Training camp decision hurts, but move makes sense

For decades, football fans in the Charm City area have been able to watch their team hold training camp practices that have been open to the public.

The die-hards, the locals, the fans that have been unable to watch regular season games in person because of cost or scheduling issues, they all could watch training camp up close and interact with their favorite players face-to-face.

This tradition dates all the way back to 1953, when the then-Baltimore Colts conducted training camp at Western Maryland College in Westminster, Md.

Now, that tradition will come to an end.

The Ravens announced yesterday that they will hold training camp at their Owings Mills complex going forward, meaning the days of daily practices being open to the public are over.

The Owings Mills complex, while massive, cannot accommodate the large crowds that were consistently present in Westminster, where the Ravens drew over 100,000 fans over the course of a full camp.

And that's a shame.

The players and coaches loved holding practices in front of fans and having that interaction with those that support the team so passionately. The organization loved that it was able to make the city of Westminster the hub of Ravens football for a month every year, boosting the local economy and positively impacting the community in the process.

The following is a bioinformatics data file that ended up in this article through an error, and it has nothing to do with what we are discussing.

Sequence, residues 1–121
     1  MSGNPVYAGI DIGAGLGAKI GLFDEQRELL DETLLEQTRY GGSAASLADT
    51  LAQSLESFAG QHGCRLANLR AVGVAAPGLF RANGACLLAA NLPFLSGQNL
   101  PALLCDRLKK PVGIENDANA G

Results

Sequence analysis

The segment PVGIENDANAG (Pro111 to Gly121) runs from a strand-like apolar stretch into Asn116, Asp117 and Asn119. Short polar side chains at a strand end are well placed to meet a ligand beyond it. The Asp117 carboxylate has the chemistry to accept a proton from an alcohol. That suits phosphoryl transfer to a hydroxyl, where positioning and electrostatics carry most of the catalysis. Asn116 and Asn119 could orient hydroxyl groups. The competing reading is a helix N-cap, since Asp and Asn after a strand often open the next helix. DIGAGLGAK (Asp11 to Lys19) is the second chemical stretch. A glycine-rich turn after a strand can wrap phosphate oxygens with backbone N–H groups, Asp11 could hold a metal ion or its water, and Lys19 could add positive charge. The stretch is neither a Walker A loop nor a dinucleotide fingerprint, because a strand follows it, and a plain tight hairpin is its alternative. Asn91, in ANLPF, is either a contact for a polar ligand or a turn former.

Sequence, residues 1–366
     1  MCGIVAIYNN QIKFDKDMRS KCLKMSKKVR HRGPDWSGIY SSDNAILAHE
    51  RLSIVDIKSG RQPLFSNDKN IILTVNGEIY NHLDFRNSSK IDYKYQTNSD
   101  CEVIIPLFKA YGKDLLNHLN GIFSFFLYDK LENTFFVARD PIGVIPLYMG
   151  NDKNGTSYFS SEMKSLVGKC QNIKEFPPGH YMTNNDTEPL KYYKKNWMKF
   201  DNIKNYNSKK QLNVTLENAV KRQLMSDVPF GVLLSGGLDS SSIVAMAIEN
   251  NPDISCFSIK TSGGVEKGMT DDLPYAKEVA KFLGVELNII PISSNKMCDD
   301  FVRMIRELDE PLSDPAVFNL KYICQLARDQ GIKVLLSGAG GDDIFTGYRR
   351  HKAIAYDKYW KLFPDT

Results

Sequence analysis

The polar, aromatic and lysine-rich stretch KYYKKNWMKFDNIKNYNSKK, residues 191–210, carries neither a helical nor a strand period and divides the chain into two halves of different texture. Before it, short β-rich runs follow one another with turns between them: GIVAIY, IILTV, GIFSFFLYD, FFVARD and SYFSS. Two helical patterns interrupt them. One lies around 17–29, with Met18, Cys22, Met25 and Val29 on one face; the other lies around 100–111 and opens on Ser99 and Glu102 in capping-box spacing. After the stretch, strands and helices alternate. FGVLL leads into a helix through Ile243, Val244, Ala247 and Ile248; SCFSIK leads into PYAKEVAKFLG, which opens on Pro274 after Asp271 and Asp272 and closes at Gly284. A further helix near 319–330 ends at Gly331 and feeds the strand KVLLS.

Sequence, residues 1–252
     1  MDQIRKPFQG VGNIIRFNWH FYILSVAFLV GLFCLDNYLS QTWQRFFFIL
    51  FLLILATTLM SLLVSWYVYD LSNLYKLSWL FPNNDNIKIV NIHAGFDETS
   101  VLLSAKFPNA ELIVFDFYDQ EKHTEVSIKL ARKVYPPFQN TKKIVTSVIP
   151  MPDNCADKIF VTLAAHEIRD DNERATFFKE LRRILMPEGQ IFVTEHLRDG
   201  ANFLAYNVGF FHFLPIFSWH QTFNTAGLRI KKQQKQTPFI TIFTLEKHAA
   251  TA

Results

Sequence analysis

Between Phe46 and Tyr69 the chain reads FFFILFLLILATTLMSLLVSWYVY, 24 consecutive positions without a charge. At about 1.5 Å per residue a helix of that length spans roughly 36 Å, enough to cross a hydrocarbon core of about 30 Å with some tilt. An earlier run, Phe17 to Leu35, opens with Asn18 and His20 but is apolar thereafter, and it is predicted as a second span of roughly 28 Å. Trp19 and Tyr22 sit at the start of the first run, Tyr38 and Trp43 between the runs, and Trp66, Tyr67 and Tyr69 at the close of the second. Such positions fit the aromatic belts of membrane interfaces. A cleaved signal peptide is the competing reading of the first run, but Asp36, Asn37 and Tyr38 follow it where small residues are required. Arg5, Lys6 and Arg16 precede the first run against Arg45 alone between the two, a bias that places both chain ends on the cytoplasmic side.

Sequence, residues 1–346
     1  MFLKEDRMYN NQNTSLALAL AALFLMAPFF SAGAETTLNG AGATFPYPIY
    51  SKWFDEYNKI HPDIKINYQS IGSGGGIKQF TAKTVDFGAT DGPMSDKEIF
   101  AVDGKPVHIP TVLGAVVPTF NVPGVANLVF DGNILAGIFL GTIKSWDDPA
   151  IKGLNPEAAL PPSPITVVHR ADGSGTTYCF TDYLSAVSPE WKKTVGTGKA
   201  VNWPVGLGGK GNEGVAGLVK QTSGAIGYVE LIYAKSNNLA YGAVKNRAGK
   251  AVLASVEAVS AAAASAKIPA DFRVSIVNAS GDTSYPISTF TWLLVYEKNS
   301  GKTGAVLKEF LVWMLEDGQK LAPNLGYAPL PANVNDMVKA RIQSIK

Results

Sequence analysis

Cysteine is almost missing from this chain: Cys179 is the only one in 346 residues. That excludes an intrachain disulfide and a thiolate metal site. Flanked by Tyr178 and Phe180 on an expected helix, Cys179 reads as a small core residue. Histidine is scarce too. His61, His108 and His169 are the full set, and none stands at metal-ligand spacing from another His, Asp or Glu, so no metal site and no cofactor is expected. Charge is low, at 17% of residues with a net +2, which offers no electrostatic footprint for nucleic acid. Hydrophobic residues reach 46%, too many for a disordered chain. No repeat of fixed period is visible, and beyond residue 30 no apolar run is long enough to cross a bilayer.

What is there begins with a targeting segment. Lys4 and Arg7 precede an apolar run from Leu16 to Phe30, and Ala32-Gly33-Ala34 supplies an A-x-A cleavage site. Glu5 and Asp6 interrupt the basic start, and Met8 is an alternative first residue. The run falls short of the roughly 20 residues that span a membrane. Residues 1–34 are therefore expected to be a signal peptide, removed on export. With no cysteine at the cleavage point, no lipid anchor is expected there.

But while those factors were important to Ravens officials, their number one goal is always to have their team as prepared for the regular season as it can possibly be. And going forward, they feel they can best prepare for the season if they hold camp in Owings Mills.

In many ways, the Ravens had outgrown what McDaniel College and the Best Western hotel (which housed all players, coaches and football operations) could offer.

At their Owings Mills headquarters, the Ravens have three top-of-the-line outdoor fields and one indoor turf field, which they can quickly move to during summer storms or poor weather conditions. They have plenty of space to hold team meetings, position meetings and watch tape. They have a state-of-the-art weight room and training facilities.

No longer will the team have to hold practice in a gym when it starts raining, or have position meetings in a hotel room, or use medical facilities intended for a Division III college to care for an NFL team of 90 players.

In addition, now that the new collective bargaining agreement limits teams to just one practice a day, the Ravens wouldn't be able to maximize the experience in Westminster, as they could when they held two-a-days in previous years.

Ravens officials are well-aware that this decision won't sit well with a large portion of their fan base. They're prepared for some backlash from fans and businesses in Westminster, but have said they're committed to providing a minimum of three practices each camp that are open to the public, and are looking into other community activities that include access to players and coaches.

In the eyes of the Ravens' brass, this was a very tough call, but one which had to be made.

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